Adopting A Golden Retriever Puppy – 7 pics
Who does not adore a golden retriever puppy? The perfect family dog is also the perfect family puppy. Perhaps you want the perfect exercise partner or hunting companion? Perhaps you want to groom the perfect service or guide dog, or an agility or obedience champion? Then you want to learn more about golden retriever puppy adoption.
1 / 7
Do you want to buy or adopt a golden retriever puppy? Can you adopt a pure bred puppy? Goldens are such a popular breed, that it is easy to adopt a pure bred puppy. There are even organizations such as shelters and rescue groups that specialize in rescuing goldens and making them available for adoption. Other good places to begin your search are the ASPCA and petfinder.com.
2 / 7
Adopting a dog usually involves a fee from $100 to $300, and puppies are generally more expensive. However, this fee is cheaper than the cost of buying a puppy, and the money will go to the shelter. Most shelters are non-profit organizations, so your fee will help keep up the shelter and will help other needy animals. Also, shelter dogs most often have had a medical check-up and some degree of socializing.
3 / 7
Why would you buy from a breeder? Buying a golden retriever puppy from a breeder is more expensive. If you get lucky, you could find someone selling golden puppies for as little as $150. A breeder might start selling puppies for $250 at the low end of the scale. If you want a light cream golden retriever puppy with champion blood lines from a reputable breeder, you could pay over $2,000.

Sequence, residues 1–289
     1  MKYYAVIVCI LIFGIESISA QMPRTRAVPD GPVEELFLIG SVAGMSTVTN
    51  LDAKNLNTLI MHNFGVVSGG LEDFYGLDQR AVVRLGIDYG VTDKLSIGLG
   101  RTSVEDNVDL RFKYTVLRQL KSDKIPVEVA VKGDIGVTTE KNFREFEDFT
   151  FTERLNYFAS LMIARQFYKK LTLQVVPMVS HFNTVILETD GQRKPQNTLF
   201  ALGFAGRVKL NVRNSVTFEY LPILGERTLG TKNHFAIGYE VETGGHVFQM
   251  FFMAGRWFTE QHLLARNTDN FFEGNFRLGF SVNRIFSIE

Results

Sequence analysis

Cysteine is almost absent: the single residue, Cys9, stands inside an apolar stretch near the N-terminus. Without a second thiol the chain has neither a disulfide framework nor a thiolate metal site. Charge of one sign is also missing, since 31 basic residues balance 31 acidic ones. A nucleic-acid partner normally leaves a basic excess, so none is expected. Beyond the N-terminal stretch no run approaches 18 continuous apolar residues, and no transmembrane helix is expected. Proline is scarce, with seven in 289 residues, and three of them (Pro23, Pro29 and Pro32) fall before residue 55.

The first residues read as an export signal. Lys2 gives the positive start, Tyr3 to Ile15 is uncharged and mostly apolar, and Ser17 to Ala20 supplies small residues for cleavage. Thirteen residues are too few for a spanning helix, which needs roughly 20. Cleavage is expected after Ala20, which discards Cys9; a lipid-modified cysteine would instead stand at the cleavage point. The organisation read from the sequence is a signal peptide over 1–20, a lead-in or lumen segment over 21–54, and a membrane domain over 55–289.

Buying from a breeder will allow you to examine the pedigree of the dog you are buying. This is especially important with goldens, since their most common health problems are genetic in nature. A reputable breeder will have paperwork certifying the health of his/her goldens. The parents of a puppy should have OFA certification for hip dysplasia. Also look for Orthopedic Foundation for Animals certification for knees and heart, and CERF certification for eyes. Finally, breeders may offer a puppy guarantee, so if you are not satisfied, you can return your pet.
4 / 7
How do you choose the right puppy? It is a tremendous advantage to spend time with a puppy's parents. That way you can gauge the future look, personality, and health of your puppy. A golden puppy will typically have a lighter coat, and by looking at his/her ears you can determine the color of your future dog. Which puppy do you choose? By spending time with the litter, you can gauge the personalities of the puppies.
5 / 7
Look for puppies in the center of the group, who aren't acting overly aggressive or submissive. Which friendly puppies run toward you? Finally, spend time alone with each puppy. With care, pick up your puppy and try petting him/her. Does the puppy enjoy your company? Do noises and sudden movements scare him/her?
6 / 7
Prepare for your puppy's arrival. Golden retrievers like to chew, so have some chew toys ready ahead of time. Puppy proof your home at your dog's height by removing toxins and sharp objects. Goldens like exercise and human interaction, and remember your puppy will grow into a large dog. Older goldens can be given to over-eating, but growing puppies need their food. Don't be afraid to feed your puppy real meat; some owners even recommend it over commercial dog food. Be prepared for weekly brushing; goldens are not ideal dogs for people with sensitive allergies. Goldens are known to be smart dogs, and learn faster with positive training. Finally, look after your best friend's health. Start with an annual check-up with the veterinarian.
7 / 7